Folic acid raises chance of IVF twins - study
LONDON, May 5 (Reuters) Folic acid does not improve the chances of achieving a pregnancy but scientists said today it can increase the odds of twins when two embryos are transferred during fertility treatment.
Researchers at the Rowett Research Institute and Aberdeen University in Scotland found that women with high levels of folic acid were more likely to have twins following in vitro fertilisation (IVF).
''Basically the folic acid is increasing embryo survival, that is what we think is happening,'' said Dr Paul Haggarty, the lead author of the study published in The Lancet medical journal.
''We know that the embryo has an absolute requirement for folic acid and it will not develop if it doesn't have it,'' he explained.
Folic acid is a synthetic compound of folate, a B vitamin found in green leafy vegetables and liver. Women are advised to take supplements before conceiving and during the early months of pregnancy to reduce the risk of having a child with a neural tube disorder.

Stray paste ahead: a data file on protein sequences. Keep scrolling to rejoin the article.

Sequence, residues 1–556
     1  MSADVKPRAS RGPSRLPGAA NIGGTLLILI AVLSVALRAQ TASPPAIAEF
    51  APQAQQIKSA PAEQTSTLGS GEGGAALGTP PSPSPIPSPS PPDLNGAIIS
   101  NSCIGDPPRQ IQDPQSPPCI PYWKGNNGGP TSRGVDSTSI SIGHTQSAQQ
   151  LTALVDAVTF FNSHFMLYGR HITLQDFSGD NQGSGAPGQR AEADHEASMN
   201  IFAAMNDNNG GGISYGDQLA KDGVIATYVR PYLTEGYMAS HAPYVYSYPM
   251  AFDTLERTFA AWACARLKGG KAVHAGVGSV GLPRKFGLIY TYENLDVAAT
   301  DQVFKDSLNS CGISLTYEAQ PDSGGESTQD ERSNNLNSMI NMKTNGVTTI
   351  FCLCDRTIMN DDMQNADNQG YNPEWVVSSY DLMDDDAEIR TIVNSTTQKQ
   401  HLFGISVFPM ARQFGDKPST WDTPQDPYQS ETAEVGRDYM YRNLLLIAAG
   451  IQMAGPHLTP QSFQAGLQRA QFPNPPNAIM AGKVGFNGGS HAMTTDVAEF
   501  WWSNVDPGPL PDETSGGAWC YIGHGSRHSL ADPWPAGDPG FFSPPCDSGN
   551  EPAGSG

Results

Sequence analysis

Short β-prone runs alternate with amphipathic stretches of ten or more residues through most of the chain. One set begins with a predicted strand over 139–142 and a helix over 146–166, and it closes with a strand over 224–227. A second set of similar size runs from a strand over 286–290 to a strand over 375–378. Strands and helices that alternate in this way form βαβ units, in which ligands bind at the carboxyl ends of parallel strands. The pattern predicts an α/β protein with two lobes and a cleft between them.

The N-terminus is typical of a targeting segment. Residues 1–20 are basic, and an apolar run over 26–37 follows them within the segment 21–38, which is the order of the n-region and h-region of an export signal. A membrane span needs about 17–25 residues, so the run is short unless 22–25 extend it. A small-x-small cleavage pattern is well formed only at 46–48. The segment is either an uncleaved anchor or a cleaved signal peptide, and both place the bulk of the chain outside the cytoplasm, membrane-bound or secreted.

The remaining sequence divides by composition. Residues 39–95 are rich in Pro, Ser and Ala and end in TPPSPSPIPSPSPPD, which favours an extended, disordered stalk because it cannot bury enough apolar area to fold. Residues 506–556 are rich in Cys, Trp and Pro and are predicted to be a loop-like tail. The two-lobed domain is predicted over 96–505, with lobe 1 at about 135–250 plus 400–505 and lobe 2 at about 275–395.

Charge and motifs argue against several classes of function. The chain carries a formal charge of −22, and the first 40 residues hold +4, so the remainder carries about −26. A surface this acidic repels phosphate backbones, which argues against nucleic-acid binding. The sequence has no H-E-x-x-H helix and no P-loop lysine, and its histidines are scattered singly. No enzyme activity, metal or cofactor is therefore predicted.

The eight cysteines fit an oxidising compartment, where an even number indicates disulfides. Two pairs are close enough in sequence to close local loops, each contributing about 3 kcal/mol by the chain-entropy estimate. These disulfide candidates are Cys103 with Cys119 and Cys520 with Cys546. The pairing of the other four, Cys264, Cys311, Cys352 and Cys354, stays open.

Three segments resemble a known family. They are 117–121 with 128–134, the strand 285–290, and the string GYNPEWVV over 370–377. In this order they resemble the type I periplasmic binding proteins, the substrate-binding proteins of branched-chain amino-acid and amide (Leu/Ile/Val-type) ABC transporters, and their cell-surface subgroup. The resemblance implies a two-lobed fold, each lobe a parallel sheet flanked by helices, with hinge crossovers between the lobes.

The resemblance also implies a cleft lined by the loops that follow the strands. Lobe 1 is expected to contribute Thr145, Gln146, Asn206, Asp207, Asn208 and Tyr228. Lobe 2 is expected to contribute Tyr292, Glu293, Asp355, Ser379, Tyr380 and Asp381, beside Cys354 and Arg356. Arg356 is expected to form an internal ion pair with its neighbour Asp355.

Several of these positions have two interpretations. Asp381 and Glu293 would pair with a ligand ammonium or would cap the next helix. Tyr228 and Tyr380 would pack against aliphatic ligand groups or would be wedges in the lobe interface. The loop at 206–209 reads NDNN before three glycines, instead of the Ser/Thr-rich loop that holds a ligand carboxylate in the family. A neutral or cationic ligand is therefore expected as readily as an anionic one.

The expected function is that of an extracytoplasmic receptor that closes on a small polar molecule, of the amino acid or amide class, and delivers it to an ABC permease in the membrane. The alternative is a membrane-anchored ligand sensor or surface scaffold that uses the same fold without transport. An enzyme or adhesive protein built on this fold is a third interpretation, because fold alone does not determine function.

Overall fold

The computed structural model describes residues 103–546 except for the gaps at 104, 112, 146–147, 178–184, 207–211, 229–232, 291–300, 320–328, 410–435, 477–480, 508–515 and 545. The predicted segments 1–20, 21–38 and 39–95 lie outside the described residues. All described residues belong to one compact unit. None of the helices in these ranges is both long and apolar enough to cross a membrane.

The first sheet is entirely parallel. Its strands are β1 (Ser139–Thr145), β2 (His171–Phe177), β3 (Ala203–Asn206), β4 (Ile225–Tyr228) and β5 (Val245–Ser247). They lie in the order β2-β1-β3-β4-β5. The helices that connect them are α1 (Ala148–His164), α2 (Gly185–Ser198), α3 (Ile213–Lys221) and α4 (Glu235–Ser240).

The serious birth defect occurs during the early development of the foetus when the spine does not close properly. Spina bifida, a defect of the spinal column, is the most common of them.
Haggarty and his team analysed the amount of folic acid in 602 women having fertility treatment. The women filled in questionnaires and the researchers measured folate intake from their diet and levels in their blood.
They found the likelihood of a twin birth after IVF rose with increased folate status in the women.
Nearly all of the women in the study took folic acid supplements.
To increase the chance of a pregnancy two embryos are often transferred to a woman during IVF treatment.
Haggarty said the finding is consistent with an increase in multiple births following fertility treatments in the United States after flour was fortified with folic acid in 1988.
''Our results suggest that the high incidence of twin births associated with treatment for infertility could be reduced, while maintaining live-birth rates, by encouraging women not to exceed recommended doses of folic acid,'' Haggarty said.
Recommended doses can vary slightly among countries. In Britain women trying to conceive are advised to take 400 micrograms a day before and during the first 12 weeks of pregnancy.
Reuters CH GC0949